card image

GFR

45

What is the most significant protein in the urine?

albumin (albuminuria)

46

What laboratory test is a measure of muscle breakdown and filtration capacity of the nephron?

serum creatinine

47

What laboratory test compares the creatinine concentrations in blood and urine?

creatinine clearance

48

Why is BUN a less specific indicator of kidney function compared to creatinine clearance or serum creatinine?

Because it is also influenced by liver function and conditions that affect blood flow.

49

What is the recommended treatment approach for stage 1 and stage 2 CKD?

Conservative care aimed at decreasing retention of nitrogenous waste products and controlling hypertension, fluids, and electrolyte imbalances.

50

What is the recommended treatment approach for stage 3 CKD?

Management of anemia, malnutrition, and bone disease (e.g. hyperparathyroidism).

51

What is the recommended treatment approach for stage 4 CKD?

Care by a nephrologist is recommended, and preparations for renal replacement therapy begin.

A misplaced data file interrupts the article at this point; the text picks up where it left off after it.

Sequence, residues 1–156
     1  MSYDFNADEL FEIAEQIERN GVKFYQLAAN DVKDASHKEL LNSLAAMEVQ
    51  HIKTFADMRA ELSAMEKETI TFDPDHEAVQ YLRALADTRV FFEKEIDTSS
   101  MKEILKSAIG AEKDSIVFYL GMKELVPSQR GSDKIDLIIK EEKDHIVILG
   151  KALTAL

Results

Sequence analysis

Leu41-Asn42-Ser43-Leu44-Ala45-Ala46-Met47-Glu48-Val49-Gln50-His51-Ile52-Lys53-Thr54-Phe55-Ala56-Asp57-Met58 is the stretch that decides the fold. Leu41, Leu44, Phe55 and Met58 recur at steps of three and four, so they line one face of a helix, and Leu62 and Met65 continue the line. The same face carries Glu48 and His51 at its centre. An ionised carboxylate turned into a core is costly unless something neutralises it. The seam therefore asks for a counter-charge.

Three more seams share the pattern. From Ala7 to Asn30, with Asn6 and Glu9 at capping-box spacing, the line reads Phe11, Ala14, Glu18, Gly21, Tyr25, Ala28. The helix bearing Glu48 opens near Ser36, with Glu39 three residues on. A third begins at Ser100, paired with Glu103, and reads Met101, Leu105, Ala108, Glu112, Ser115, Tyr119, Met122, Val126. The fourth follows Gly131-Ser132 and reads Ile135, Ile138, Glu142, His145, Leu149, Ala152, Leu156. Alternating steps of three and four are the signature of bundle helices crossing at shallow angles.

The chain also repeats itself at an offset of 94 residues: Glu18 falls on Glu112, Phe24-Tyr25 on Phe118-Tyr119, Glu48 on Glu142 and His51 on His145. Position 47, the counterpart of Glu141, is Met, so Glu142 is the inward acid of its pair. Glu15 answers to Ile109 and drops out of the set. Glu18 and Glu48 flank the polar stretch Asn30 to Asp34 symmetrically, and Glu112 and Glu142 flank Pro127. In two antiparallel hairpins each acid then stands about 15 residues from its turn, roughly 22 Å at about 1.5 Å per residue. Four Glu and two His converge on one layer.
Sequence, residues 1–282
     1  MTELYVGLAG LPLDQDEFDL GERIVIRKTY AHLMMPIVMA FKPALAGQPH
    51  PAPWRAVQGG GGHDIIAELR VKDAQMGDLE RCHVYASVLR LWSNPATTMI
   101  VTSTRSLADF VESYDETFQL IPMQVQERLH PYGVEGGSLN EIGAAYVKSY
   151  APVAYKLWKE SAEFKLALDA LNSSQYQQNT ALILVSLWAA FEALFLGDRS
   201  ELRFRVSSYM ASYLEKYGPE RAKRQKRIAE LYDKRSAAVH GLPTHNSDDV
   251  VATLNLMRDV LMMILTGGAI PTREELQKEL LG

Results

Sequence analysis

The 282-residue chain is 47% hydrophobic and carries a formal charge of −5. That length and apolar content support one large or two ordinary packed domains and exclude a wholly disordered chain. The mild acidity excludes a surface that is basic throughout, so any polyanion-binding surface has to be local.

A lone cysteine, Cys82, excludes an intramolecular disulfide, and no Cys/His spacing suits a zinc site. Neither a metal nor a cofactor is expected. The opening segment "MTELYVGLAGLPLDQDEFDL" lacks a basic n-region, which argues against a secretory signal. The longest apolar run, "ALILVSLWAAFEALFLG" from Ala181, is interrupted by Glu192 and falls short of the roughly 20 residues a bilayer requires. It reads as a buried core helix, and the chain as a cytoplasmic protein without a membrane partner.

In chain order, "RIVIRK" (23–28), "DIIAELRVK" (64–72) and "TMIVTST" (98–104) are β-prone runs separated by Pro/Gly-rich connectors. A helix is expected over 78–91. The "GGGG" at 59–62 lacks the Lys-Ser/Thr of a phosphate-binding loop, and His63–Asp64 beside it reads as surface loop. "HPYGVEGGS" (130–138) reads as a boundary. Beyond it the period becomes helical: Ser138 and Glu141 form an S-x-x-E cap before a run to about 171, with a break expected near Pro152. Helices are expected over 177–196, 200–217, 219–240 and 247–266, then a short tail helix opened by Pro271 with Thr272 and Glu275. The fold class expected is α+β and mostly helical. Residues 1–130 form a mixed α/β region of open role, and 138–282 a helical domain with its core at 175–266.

52

What is the recommended treatment approach for stage 5 CKD?

dialysis

53

What is dialysis?

A medical procedure that artificially filters blood.

54

At what value of GFR does dialysis become important?

< 30 mL/minute/1.73 m2

55

What are the two types of dialysis?

  1. peritoneal dialysis
  2. hemodialysis
56

What for of dialysis do most patients (88%) receive?

hemodialysis

57

What are the two types of peritoneal dialysis?

  1. continuous cyclic peritoneal dialysis (CCPD)
  2. chronic ambulatory peritoneal dialysis (CAPD)
58

How does peritoneal dialysis work?

card image

A hypertonic solution is instilled into the peritoneal cavity through a permanent catheter, then drawn out after a time along with the dissolved solutes (e.g. urea).

59

Which type of peritoneal dialysis uses a machine to perform three to five dialysate exchanges while the patient sleeps?